By Jack Ryan, executive social media 

Is it possible to make people feel better by doing them harm? Many people do not think so, but director David Frankel and screenwriter Allan Loeb do. Their polished, elaborate, and elevated film, Collateral Beauty, answers that simple but difficult question.

Throughout this film, I constantly asked myself this question. This movie is not your typical Christmas love story that barely has a plot but people still see it since “everyone” needs a feel-good Christmas movie.

This movie opens with Howard (Will Smith) telling his advertising firm that advertising is not about selling or telling people things, but it’s about addressing people personally. At the end of this scene, before you start an emotional rollercoaster, Howard tells his employees that advertising is about tackling three abstract concerns everyone has: love, time and death.

“Love, time and death. These three things connect every single human being on earth. We long for love, we wish we had more time, and we fear death.”  

When I watched this scene, I thought maybe I was wrong, this will be a sappy Christmas movie, but as the movie continued and the plot start to reveal itself I realized I was completely wrong.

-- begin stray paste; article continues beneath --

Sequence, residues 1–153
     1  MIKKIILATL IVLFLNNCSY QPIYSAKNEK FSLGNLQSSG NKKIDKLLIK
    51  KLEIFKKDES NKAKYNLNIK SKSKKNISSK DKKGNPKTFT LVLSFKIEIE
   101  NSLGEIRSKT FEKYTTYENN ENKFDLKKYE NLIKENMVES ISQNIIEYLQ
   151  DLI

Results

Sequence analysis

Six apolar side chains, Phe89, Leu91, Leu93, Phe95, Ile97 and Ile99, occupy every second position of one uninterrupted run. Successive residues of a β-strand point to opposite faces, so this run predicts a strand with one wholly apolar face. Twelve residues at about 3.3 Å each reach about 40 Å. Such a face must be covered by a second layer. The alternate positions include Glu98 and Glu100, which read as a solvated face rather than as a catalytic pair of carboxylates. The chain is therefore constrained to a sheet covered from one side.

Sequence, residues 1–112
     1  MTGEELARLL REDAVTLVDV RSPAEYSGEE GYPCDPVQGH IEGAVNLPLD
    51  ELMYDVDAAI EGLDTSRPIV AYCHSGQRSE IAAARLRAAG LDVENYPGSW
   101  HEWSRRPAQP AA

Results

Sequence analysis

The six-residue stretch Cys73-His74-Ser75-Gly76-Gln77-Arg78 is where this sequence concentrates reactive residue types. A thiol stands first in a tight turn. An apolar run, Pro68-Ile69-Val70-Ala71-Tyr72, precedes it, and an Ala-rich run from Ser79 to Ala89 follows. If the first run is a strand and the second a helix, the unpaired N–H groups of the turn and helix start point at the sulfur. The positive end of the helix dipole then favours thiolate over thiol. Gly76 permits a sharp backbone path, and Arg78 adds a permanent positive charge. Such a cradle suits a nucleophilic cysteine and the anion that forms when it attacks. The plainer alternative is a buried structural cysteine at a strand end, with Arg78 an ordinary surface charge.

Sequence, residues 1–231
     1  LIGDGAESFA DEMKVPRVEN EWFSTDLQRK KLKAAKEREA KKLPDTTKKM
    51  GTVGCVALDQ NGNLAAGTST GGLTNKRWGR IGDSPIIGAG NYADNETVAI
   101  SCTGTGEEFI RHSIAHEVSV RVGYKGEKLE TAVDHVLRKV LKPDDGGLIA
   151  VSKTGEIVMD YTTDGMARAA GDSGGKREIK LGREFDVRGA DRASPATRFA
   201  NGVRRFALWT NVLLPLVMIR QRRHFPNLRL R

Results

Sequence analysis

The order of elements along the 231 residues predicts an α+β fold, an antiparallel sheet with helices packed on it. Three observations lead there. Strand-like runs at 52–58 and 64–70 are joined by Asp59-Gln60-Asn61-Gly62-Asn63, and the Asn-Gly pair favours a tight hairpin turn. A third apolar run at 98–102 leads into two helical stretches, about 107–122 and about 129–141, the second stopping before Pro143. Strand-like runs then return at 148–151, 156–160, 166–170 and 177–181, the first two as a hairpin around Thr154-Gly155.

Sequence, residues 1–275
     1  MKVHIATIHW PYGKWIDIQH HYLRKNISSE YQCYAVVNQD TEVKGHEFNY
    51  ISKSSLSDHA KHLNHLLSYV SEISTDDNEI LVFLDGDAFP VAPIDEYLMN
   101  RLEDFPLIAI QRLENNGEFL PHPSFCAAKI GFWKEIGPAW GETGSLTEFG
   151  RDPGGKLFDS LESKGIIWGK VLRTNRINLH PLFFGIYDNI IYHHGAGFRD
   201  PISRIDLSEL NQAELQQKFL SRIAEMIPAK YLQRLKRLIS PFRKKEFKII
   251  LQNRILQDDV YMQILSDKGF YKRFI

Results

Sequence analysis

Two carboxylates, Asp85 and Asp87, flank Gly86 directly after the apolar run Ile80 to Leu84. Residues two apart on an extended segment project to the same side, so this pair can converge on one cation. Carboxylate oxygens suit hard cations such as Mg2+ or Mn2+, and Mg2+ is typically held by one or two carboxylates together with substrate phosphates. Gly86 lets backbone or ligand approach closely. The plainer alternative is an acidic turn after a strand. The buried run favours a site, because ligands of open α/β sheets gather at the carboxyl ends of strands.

This movie is about Howard’s partners, Whit (Edward Norton), Claire (Kate Winslet) and Simon (Michael Penã) trying to help Howard get “better” since they believe he is mentally unfit to make executive decisions for their advertising company after the death of his six year old daughter. Their plan is to hire actors to play Love, Time and Death and interact with Howard to make him seem insane.

At this very point in the film is where I and many other people questioned whether this plan is truly what’s best for Howard, his co-workers and company. Unlike many movies about love, this movie focuses on the individual and how one deals with pain on the inside, because to many people’s surprise, along with myself, Howard’s co-workers need the actors to play their role more than they think they do. Each actor not only tries to represent abstract ideas and feelings Howard felt failed him, but they represent Whit, Claire and Simon’s life as well.

Even though these connections can be seen from a mile away, this movie has the right to do that. What I think Frankel’s and Loeb’s idea for this movie was was to create a movie that focuses on something little holiday movies do, moving on and going through pain after a loss.
We have to remember this movie is centered around the death of a six year old girl and the harm Howard’s co-workers are causing him. With this in mind, Frankel and Loeb do a fantastic job of balancing the idea of that pain people will feel when they lose someone, but still having the urge to soldier on.